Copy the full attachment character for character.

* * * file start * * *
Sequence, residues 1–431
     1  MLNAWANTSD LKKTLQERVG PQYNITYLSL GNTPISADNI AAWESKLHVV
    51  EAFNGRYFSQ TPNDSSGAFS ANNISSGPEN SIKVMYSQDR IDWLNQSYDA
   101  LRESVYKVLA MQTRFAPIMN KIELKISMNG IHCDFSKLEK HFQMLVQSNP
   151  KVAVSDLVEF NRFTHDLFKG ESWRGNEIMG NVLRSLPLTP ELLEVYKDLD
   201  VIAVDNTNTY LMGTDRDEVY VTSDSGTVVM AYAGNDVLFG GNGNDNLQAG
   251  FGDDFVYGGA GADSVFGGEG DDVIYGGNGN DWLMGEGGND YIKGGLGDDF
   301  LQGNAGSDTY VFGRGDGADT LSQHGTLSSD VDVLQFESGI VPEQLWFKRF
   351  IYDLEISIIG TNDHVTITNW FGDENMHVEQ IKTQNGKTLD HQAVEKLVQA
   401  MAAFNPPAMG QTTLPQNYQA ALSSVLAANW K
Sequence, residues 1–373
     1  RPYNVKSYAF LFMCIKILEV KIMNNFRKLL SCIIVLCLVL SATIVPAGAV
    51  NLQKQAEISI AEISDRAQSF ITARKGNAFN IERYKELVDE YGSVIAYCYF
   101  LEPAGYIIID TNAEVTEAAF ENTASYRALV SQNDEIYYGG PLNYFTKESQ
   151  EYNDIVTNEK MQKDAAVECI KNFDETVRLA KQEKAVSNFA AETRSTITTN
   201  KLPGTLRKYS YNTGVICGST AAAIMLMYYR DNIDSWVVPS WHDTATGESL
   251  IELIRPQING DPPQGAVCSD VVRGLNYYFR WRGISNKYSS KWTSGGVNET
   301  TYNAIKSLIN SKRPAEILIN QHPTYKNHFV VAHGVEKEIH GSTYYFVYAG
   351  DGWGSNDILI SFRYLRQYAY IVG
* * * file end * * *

Sequence, residues 1–431
     1  MLNAWANTSD LKKTLQERVG PQYNITYLSL GNTPISADNI AAWESKLHVV
    51  EAFNGRYFSQ TPNDSSGAFS ANNISSGPEN SIKVMYSQDR IDWLNQSYDA
   101  LRESVYKVLA MQTRFAPIMN KIELKISMNG IHCDFSKLEK HFQMLVQSNP
   151  KVAVSDLVEF NRFTHDLFKG ESWRGNEIMG NVLRSLPLTP ELLEVYKDLD
   201  VIAVDNTNTY LMGTDRDEVY VTSDSGTVVM AYAGNDVLFG GNGNDNLQAG
   251  FGDDFVYGGA GADSVFGGEG DDVIYGGNGN DWLMGEGGND YIKGGLGDDF
   301  LQGNAGSDTY VFGRGDGADT LSQHGTLSSD VDVLQFESGI VPEQLWFKRF
   351  IYDLEISIIG TNDHVTITNW FGDENMHVEQ IKTQNGKTLD HQAVEKLVQA
   401  MAAFNPPAMG QTTLPQNYQA ALSSVLAANW K
Sequence, residues 1–373
     1  RPYNVKSYAF LFMCIKILEV KIMNNFRKLL SCIIVLCLVL SATIVPAGAV
    51  NLQKQAEISI AEISDRAQSF ITARKGNAFN IERYKELVDE YGSVIAYCYF
   101  LEPAGYIIID TNAEVTEAAF ENTASYRALV SQNDEIYYGG PLNYFTKESQ
   151  EYNDIVTNEK MQKDAAVECI KNFDETVRLA KQEKAVSNFA AETRSTITTN
   201  KLPGTLRKYS YNTGVICGST AAAIMLMYYR DNIDSWVVPS WHDTATGESL
   251  IELIRPQING DPPQGAVCSD VVRGLNYYFR WRGISNKYSS KWTSGGVNET
   301  TYNAIKSLIN SKRPAEILIN QHPTYKNHFV VAHGVEKEIH GSTYYFVYAG
   351  DGWGSNDILI SFRYLRQYAY IVG